Church History

Church History
Lesson 3 – The Roman Church Era (325 AD – 1400 AD)
Major Events of the Roman Church Era – The Middle Ages
1. The Rise of the Papacy: Pope is Italian for papa – ordinary word showing
a) The Rise of the Bishop
 We have witnessed how early Church Fathers urged Christians to submit
to the bishops. Those writers were Ignatius, Ireneaus, Cyprian, and
Augustine of Hippo.
 The early Church because used to these leaders – many of which were
very godly men
b) Rome joined the Church
 A government whose infrastructure that was highly developed and
structured joined the Church. The Church soon began to mirror what it
saw in government.
 It has been said that Church government began to mirror Roman
c) Historical factors
 The Church in the Rome seemed to maintain ecclesiastical stability during
the various heresies that came to the forefront.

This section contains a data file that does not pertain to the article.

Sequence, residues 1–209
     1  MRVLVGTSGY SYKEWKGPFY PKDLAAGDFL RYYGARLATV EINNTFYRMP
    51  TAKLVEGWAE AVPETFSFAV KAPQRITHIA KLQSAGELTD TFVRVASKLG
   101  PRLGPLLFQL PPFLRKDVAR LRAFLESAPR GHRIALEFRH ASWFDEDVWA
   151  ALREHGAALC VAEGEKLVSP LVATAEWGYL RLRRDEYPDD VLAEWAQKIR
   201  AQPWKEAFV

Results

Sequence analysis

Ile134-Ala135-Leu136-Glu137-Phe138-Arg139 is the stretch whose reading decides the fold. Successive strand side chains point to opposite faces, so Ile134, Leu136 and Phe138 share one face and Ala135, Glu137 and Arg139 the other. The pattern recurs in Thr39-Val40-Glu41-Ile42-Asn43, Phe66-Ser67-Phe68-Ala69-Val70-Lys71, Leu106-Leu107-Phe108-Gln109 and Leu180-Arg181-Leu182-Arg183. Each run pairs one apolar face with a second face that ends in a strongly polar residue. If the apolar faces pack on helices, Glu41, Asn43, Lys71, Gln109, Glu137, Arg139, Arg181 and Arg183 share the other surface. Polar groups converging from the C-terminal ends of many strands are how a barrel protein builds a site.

 In 330 AD, Constantine moved the capital of the Roman Empire from
Rome to Constantinople (modern Istanbul, Turkey). This created a
vacuum in the West, with the Bishop of Rome having no religious or
political rival.
d) Leo the Great (served 440-461)
 In 452 Attila the Hun attempted to conquer Rome. With no civil authority
present, Leo rode out of the city and negotiated peace.
 The churches in northern Africa fell to the Vandals. They began to look to
Rome for help
 In 455 Leo negotiated peace with Genseric the Vandal. As a result, the
emperor ordered the governors and religious leaders of the Western
Empire to be subject to Leo. This began a precedent.
 Leo ascerted the universal authority of the Roman bishop
 To his credit, Leo’s writing showed that he had a genuine concern for the
people in his care
e) Bishop Gelasius (served 492-d. 496)
 Claimed that the bishops had moral authority over political rulers
 He was the first to receive the title: “Vicar of Christ” (495). Previously
the bishop of Rome was called the “vicar of St. Peter”
f) Pope Gregory the Great (b. 540-d. 604)